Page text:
×   Your previous content has been restored.   Clear editor

    ×   You cannot paste images directly. Upload or insert images from URL.


  • About Me

    Jefferson Adams is Celiac.com's senior writer and Digital Content Director. He earned his B.A. and M.F.A. at Arizona State University, and has authored more than 2,500 articles on celiac disease. His coursework includes studies in science, scientific methodology, biology, anatomy, medicine, logic, and advanced research. He previously served as SF Health News Examiner for Examiner.com, and devised health and medical content for Sharecare.com. Jefferson has spoken about celiac disease to the media, including an appearance on the KQED radio show Forum, and is the editor of the book "Cereal Killers" by Scott Adams and Ron Hoggan, Ed.D.

  • Related Articles

    Destiny Stone
    Celiac.com 08/05/2010 - A myriad of autoimmune disordersincluding, Addison's disease, type 1 diabetes and celiac disease areclosely associated with the HLA-DR3 haplotype. However it is has beenhypothesized that alleles of other genes in linkage disequilibriumwith HLA-DRB1 also contribute to the diseases.
    Researchers at the Barbara Davis Centerfor Childhood Diabetes, University...

    Jefferson Adams
    Celiac.com 02/01/2017 - More and more evidence shows a connection between gut inflammation and type 1 diabetes (T1D). A team of researchers recently set out to assess gut inflammatory profiles and microbiota in patients with T1D, and to compare them with healthy controls (CTRL) and with celiac disease patients as gut inflammatory disease controls.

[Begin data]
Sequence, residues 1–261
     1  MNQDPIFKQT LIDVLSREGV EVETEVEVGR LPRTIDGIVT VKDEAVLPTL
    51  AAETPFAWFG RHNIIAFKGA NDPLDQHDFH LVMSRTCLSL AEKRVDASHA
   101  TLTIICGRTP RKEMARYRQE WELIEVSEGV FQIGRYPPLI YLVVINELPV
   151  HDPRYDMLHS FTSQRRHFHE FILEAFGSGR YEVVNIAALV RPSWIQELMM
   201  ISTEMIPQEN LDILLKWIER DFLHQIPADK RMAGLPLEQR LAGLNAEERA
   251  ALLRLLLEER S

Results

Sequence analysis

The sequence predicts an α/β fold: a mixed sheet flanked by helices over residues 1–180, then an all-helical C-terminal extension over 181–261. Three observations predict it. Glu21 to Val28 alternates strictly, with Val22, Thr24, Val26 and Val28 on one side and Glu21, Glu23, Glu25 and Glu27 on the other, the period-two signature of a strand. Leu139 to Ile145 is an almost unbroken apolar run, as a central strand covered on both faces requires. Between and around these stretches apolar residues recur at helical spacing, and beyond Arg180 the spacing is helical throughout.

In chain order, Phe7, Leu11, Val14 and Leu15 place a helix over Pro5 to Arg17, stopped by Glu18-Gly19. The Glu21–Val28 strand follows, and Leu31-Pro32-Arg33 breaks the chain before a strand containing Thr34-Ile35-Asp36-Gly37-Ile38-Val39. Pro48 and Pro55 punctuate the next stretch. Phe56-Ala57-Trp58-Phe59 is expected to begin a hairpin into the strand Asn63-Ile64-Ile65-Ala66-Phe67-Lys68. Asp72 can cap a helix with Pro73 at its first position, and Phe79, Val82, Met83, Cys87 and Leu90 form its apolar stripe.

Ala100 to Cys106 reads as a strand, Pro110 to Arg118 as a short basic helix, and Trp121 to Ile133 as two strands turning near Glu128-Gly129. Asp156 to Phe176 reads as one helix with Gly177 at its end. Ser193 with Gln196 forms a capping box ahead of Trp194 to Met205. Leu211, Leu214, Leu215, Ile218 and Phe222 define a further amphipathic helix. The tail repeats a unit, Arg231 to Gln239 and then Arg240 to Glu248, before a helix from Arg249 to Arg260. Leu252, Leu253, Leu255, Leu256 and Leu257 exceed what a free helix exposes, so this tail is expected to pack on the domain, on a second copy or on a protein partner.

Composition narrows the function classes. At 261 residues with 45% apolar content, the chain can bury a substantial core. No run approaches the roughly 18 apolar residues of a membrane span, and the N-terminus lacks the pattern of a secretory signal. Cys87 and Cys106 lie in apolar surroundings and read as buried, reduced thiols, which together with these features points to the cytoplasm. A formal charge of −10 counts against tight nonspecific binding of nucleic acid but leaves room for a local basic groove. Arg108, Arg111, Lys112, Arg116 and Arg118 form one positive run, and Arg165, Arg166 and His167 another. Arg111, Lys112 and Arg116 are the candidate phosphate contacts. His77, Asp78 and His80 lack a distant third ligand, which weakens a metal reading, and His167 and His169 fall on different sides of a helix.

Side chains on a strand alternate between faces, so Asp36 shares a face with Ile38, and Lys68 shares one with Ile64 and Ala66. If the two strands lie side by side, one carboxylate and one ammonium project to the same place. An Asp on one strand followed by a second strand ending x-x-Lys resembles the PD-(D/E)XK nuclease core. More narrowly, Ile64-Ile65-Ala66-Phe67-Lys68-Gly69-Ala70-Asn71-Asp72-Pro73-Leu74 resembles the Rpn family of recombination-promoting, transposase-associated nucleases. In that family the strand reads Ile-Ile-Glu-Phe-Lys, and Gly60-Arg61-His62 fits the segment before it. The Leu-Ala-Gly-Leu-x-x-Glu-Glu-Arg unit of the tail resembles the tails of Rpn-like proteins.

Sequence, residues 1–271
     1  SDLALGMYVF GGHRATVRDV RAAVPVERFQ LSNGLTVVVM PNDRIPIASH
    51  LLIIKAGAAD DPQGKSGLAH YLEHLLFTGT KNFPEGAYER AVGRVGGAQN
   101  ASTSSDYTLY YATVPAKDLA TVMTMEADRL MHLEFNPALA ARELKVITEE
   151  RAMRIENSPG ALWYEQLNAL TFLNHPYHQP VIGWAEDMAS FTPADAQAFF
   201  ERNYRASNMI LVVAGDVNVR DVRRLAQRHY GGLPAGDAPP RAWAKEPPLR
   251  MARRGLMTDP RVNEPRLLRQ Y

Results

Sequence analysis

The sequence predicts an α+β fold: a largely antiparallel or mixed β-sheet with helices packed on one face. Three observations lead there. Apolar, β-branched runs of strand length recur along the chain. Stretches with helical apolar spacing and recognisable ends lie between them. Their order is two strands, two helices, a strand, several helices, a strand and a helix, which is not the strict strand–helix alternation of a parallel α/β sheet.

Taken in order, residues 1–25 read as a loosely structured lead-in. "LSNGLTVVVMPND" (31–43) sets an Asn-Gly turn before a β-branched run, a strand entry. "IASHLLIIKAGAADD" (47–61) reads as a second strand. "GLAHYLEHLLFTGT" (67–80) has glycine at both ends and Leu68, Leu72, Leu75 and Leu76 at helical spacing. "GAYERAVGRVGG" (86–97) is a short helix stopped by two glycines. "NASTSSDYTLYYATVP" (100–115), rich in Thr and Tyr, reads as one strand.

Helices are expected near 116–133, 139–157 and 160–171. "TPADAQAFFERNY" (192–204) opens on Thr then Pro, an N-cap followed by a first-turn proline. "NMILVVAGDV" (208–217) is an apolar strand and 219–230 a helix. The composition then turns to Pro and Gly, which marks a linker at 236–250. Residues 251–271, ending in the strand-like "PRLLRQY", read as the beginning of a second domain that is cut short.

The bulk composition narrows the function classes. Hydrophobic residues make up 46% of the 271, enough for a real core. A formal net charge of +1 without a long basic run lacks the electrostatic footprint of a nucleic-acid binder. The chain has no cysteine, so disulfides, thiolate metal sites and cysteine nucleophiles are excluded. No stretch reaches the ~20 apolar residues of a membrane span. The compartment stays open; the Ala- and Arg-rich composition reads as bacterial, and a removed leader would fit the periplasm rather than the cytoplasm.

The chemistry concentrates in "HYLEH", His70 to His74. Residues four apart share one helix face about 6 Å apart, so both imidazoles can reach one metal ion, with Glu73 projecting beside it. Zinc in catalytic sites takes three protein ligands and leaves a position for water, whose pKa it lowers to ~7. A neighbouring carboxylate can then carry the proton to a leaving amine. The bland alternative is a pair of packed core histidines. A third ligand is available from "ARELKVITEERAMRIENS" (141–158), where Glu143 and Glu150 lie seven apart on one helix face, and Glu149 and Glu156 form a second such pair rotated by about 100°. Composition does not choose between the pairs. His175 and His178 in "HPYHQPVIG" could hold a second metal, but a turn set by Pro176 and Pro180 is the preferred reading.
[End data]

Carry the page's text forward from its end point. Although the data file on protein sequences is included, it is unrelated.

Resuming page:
The research team included...

    Dr. Vikki Petersen D.C, C.C.N
    Celiac.com 10/27/2017 - It has long been understood that two autoimmune diseases, celiac disease and type 1 diabetes are related. They share common genes and the incidence of celiac disease is higher among type 1 diabetics. There have been some anecdotal reports regarding children diagnosed with type 1 diabetes who were put on a gluten-free diet soon after their diagnosis and for...

    Jefferson Adams
    Celiac.com 04/25/2018 - A team of Yale University researchers discovered that bacteria in the small intestine can travel to other organs and trigger an autoimmune response. In this case, they looked at Enterococcus gallinarum, which can travel beyond the gut to the spleen, lymph nodes, and liver. The research could be helpful for treating type 1 diabetes, lupus, and celiac disease...

  • Celiac.com Sponsor:

  • Forum Discussions

    Thank you very much for that info, yes I am awaiting a test but was just looking for some reassurance in the meantime really and to you know if anybody else has similar symptoms. Thank you x
    Welcome! There are over 200 symptoms attributed to celiac disease. Migraines are one of them as celiac disease is systemic (not just gut issues).   The only way to find out is to get tested.  Ask your PCP for a simple blood test: ...
    Yogurt can vary from 4-17 grams of lactose, Milk has 9-14, so it may be slightly less than milk but not by much. I know that shortly after I was DX'd with Celiac I was lactose intolerant for about the first 5-6 months of gluten-free diet....
×
×
  • Create New...